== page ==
Broadcast: August 31, 2004
This is Gwen Outen with the VOA Special English Agriculture Report.
Late summer is when many farmers begin to know what size harvest to expect in the fall. And it appears that American farmers can expect several major crops to be at or near record levels this year.
The Agriculture Department says corn production is expected to reach almost eleven thousand million bushels. Each bushel is a little more than thirty-five liters. The United States is the largest producer and exporter of maize. A harvest this big would be eight percent larger than last year’s levels, which set a record. It would also represent greater productivity. Farmers expect a record yield, or the amount produced per hectare.
The soybean crop this year is expected to be the second largest ever recorded. It is expected to be nineteen percent larger than last year. The soybean yield is also expected to increase.
Cotton farmers are also expected to have a good year with an eleven percent increase in their harvest. They are expected to produce twenty million bales of cotton. One bale weighs about two hundred twenty-seven kilograms.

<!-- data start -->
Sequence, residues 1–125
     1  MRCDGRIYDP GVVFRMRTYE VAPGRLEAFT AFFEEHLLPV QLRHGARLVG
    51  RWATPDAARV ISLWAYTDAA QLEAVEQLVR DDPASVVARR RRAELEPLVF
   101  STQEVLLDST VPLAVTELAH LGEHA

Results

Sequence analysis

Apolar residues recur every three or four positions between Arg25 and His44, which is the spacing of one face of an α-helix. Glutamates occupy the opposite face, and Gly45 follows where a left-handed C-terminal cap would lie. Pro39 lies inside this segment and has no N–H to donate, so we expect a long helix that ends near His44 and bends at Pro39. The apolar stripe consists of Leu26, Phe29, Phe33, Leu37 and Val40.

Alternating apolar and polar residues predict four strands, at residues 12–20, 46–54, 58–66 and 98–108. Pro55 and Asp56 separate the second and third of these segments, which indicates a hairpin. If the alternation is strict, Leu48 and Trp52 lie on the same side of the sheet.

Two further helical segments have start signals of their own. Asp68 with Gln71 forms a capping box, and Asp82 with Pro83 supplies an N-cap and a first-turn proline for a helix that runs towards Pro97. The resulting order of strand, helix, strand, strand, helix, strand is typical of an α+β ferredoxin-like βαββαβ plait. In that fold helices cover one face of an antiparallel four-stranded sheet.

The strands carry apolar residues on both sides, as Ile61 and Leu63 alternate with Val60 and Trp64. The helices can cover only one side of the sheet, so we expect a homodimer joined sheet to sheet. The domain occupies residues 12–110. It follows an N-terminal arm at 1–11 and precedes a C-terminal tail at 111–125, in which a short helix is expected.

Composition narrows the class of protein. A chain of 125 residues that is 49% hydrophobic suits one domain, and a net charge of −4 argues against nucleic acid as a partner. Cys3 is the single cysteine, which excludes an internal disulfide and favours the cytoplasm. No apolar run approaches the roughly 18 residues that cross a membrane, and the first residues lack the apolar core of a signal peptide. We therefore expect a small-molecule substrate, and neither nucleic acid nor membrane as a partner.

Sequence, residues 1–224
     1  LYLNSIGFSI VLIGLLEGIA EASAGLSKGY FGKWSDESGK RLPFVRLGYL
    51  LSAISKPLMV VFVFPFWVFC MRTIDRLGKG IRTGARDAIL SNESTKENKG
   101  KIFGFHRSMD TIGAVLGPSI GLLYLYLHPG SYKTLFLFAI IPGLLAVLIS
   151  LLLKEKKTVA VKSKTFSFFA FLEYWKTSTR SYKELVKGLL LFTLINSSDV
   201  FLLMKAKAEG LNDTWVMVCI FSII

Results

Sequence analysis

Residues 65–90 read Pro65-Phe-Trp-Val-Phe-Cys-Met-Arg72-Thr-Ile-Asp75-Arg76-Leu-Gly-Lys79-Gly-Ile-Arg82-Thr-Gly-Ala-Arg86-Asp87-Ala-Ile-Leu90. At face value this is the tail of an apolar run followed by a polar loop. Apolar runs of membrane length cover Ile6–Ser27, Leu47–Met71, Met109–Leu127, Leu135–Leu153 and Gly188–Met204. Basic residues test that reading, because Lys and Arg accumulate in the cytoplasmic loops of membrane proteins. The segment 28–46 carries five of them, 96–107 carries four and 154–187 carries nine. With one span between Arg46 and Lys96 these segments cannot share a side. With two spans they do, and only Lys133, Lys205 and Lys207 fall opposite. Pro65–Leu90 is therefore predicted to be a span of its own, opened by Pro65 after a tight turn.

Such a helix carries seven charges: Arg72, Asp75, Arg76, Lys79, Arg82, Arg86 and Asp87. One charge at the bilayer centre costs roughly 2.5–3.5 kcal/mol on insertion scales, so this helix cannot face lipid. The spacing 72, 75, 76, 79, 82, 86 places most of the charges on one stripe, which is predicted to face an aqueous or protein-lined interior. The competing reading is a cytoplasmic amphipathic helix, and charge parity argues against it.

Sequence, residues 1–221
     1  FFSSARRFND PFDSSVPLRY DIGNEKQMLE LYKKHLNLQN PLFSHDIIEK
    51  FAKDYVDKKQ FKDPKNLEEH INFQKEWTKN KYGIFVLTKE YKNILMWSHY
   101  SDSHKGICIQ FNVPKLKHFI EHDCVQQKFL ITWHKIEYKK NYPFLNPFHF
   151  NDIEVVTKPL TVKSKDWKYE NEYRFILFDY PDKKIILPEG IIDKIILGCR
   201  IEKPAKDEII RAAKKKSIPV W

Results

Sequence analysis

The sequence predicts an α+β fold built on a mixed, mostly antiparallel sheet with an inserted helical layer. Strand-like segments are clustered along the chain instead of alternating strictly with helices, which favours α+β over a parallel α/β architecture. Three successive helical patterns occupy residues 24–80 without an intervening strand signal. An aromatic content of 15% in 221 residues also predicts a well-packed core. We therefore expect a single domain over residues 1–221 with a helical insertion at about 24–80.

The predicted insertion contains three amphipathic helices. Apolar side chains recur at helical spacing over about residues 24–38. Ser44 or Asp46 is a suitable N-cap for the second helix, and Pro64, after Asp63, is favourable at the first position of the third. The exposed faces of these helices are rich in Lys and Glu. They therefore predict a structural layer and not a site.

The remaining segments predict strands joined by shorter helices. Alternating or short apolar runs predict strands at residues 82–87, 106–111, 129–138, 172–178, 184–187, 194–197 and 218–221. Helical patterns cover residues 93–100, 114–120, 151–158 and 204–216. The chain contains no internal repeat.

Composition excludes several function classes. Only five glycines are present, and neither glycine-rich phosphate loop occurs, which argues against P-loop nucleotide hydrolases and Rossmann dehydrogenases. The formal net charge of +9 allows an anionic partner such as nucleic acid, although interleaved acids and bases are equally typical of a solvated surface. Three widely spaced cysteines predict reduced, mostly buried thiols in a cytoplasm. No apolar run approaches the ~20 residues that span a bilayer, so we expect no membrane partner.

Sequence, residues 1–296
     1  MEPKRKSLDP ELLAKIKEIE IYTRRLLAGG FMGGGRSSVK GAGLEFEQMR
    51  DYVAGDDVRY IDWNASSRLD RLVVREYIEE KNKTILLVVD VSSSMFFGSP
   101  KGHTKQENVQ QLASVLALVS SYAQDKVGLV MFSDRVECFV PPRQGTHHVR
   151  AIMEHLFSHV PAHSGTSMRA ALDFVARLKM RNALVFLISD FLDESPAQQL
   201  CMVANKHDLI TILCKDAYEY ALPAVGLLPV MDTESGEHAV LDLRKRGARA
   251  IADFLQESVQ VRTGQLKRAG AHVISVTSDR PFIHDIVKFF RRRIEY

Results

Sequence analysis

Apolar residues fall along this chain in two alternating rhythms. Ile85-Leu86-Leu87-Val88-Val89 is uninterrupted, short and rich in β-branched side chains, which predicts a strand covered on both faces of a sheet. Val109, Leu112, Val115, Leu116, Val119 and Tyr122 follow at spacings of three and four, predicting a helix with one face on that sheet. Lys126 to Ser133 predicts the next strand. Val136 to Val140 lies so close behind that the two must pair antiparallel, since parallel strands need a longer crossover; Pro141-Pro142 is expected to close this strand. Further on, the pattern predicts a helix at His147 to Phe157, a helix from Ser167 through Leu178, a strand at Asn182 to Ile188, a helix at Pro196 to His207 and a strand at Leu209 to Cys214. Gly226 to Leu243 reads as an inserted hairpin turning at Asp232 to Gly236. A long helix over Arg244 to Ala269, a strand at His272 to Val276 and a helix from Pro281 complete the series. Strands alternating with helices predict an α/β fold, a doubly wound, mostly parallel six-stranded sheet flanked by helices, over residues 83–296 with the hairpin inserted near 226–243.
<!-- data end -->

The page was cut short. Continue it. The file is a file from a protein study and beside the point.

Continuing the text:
Big harvests may seem like good news for farmers. Experts credit good weather conditions and improved seed for higher farm production and yields. But there are the laws of supply and demand. If supply increases, unless demand also increases, prices can drop. And prices have been going down through the summer.
In April, the price of corn futures reached their highest level in years. But since April, prices of corn futures on the Chicago Board of Trade have fallen by about thirty percent. Futures are financial tools that generally do not involve the exchange of real goods, but they can affect prices. Farmers or investors use futures to protect against changes in the market.
Prices for soybean futures have also dropped from highs in April. The United States Department of Agriculture says China may decrease its soybean imports. China is the world’s biggest importer of soybeans. At the same time, Argentina, Brazil and Paraguay -- all big South American producers of soybeans -- have surpluses.
Lower prices and too much supply may not help farmers. But they do help companies that buy from farmers. Lower prices can also increase exports.
This VOA Special English Agriculture Report was written by Mario Ritter. This is Gwen Outen.